In today’s WSJ, Justin Lahart observes that the United States spends a much larger portion of its GDP on health care than other countries, yet seems to get little for its extra spending. I wonder whether this is true, which is not to say that I disagree with his larger point: that we are spending too much on health care for what we get.
But here are some thoughts:
1. Lanhart points out that both infant mortality and life expectancy are higher in Japan and France, which spend (on average) approximately 55% of what the United States spends on health care. But critics of our system have noted that a large part of what we spend money on is spent on expensive care for people during the very last part of their lives. So a relevant question might be: do people who reach, say, age 60 in the United States live longer and/or more comfortably than members of their comparable cohort in Japan and France. And we can refine that question bit more by limiting the comparison to people in the United States who have access to good health care.
Is there a free-rider problem here? Some have argued that drug costs are high in this country to pay for research, which produces important advances in medical science. Do Americans thus fund new medications (and other medical technologies) whose value other nations can import without paying their share of developing these technologies?
What is the infant mortality rate and the life expectancy rate for people in this country who have access to good health care, and how does that compare to the infant mortality and life expectancy rates to people in Japan and France? Do we know if our insured, or at least those of our insured who have good coverage, fare as well or better than the Japanese or French participant in the national health care systems in those countries?
There are certainly other questions we can ask along these lines and the answers might show that we are getting something for the extra resources we expend. It might not be purchasing what we should be purchasing, and our choices might be critiqued on moral grounds (as the folk song goes, if religion were something that money could buy, the rich would live and the poor would die), but I would be hesitant to conclude that we don’t get much for our extra spending.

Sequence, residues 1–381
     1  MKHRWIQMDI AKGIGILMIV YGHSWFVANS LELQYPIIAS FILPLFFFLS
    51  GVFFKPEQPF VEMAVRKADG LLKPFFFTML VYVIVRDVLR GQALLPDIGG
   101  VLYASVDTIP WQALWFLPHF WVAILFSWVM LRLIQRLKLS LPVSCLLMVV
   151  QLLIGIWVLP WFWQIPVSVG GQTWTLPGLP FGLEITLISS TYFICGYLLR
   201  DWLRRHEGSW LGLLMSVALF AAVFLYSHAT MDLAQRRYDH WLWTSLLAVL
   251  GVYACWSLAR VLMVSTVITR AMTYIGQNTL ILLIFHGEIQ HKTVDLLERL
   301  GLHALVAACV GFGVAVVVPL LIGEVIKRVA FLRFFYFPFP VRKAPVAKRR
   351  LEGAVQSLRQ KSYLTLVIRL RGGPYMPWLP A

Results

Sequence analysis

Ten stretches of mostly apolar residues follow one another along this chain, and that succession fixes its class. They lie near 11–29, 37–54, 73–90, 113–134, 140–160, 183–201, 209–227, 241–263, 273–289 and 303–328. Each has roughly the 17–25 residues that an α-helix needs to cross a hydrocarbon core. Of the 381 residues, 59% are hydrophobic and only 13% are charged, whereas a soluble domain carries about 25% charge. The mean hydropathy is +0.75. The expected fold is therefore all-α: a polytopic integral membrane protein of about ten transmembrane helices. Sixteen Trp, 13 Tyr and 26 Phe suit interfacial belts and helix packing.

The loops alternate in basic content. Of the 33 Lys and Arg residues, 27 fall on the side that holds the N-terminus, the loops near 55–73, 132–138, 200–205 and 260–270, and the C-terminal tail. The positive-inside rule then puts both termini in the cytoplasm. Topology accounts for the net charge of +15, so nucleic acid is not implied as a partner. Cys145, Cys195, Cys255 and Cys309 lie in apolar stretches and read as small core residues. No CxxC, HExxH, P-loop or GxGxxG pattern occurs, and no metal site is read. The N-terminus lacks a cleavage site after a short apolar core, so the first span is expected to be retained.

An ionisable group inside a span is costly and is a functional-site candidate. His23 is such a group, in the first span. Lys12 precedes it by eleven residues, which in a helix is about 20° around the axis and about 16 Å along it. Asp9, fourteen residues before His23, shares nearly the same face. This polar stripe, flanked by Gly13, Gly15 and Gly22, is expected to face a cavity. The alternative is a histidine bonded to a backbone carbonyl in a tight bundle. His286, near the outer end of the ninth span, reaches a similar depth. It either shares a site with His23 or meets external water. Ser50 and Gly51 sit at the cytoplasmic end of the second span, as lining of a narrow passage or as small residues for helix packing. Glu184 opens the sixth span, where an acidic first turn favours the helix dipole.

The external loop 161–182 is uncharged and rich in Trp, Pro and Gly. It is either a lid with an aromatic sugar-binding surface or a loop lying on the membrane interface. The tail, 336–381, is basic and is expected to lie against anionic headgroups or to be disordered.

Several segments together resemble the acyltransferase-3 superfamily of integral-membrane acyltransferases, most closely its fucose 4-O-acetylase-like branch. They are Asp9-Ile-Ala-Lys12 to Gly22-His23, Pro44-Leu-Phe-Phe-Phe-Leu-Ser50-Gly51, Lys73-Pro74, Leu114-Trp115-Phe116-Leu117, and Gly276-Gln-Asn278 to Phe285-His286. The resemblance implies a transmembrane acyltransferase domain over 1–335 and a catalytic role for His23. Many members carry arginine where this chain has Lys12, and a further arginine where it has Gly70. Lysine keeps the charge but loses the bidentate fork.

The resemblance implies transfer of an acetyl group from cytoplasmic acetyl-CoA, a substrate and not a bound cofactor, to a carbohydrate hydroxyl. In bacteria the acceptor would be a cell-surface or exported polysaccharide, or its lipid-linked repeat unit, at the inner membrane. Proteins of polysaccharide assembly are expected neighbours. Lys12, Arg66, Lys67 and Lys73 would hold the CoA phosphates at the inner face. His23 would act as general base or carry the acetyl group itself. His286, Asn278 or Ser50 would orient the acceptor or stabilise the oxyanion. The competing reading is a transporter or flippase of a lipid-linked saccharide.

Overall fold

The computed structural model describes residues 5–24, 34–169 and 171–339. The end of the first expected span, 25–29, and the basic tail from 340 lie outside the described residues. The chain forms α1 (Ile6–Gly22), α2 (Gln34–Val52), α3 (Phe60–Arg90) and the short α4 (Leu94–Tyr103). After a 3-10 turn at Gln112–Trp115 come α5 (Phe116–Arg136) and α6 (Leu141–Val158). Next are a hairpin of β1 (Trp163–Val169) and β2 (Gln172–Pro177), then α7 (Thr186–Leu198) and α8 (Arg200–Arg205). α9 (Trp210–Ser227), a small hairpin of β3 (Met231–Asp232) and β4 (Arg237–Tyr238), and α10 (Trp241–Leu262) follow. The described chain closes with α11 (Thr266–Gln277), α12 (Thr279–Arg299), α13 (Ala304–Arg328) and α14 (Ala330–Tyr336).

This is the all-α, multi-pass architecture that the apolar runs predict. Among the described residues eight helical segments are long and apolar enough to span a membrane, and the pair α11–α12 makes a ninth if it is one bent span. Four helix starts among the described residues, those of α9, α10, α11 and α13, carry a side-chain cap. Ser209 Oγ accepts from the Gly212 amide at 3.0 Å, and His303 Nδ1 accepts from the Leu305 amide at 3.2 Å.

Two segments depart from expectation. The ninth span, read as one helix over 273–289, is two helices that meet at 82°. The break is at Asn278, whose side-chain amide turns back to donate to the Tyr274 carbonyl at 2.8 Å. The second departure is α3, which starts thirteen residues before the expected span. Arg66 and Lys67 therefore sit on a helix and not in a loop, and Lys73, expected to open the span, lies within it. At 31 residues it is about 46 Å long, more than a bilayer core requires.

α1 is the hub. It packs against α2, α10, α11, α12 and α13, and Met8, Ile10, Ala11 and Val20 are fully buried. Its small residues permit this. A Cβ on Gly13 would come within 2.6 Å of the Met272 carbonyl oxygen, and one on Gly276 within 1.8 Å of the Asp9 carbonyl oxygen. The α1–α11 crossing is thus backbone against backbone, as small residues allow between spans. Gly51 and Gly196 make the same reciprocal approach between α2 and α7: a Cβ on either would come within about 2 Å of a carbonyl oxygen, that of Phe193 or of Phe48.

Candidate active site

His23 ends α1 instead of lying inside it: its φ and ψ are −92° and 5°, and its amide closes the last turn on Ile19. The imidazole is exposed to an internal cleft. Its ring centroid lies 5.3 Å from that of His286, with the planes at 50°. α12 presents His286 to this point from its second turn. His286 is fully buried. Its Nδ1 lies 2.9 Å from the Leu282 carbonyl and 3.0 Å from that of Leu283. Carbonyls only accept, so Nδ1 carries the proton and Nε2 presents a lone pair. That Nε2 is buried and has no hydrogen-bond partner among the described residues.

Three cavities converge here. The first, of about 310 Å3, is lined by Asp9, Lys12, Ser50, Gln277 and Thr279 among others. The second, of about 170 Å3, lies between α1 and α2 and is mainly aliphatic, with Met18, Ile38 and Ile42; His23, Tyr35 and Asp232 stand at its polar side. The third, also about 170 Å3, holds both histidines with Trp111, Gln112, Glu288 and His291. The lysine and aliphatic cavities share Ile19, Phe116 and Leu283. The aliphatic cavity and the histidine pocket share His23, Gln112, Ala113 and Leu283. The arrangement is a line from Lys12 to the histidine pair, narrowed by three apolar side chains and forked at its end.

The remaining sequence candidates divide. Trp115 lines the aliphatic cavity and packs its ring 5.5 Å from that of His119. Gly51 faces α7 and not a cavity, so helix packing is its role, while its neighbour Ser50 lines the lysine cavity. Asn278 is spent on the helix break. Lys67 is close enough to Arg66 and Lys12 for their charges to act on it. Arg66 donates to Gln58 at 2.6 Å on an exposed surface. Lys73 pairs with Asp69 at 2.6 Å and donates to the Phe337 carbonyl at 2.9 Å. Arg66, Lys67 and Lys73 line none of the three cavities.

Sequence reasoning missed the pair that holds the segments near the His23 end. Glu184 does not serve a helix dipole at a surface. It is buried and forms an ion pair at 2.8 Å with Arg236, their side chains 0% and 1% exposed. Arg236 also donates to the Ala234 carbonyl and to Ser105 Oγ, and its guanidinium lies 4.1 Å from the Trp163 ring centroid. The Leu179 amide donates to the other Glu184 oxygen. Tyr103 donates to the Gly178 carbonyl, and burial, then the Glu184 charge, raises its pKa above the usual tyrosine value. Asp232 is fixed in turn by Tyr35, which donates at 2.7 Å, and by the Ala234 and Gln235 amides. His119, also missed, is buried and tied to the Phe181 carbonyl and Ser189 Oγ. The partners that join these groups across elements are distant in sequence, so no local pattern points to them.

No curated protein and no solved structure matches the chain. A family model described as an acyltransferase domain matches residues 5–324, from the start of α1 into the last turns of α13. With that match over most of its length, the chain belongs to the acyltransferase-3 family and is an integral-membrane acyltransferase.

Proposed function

And of course, there is the extraordinarily important point Frank Cummings makes on his recent post, that the employer system has faults of its own, apart from aggregate costs and quality of medical delivery. Making some employers bear the costs of our imperfect system is itself a serious imperfection in our system.
I intended to end the post two paragraphs up, but let me make two additional points related to the employer system. Two related arguments for the system are: 1) the employer is an efficient purchasing agent for its employees; and 2) the employer pools risk (which is part of the reason it might be an efficient purchasing agent for its employees). But national health care pools risk far more effectively than individual employers and can anybody seriously argue today that the employer has been a good purchasing agent except for its ability, though risk pooling, to create access to the health care market for its higher risk employees? Well I suppose you can say that the employer forcing employees to take part of their compensation in health care coverage is good, but national health care also takes care of this problem
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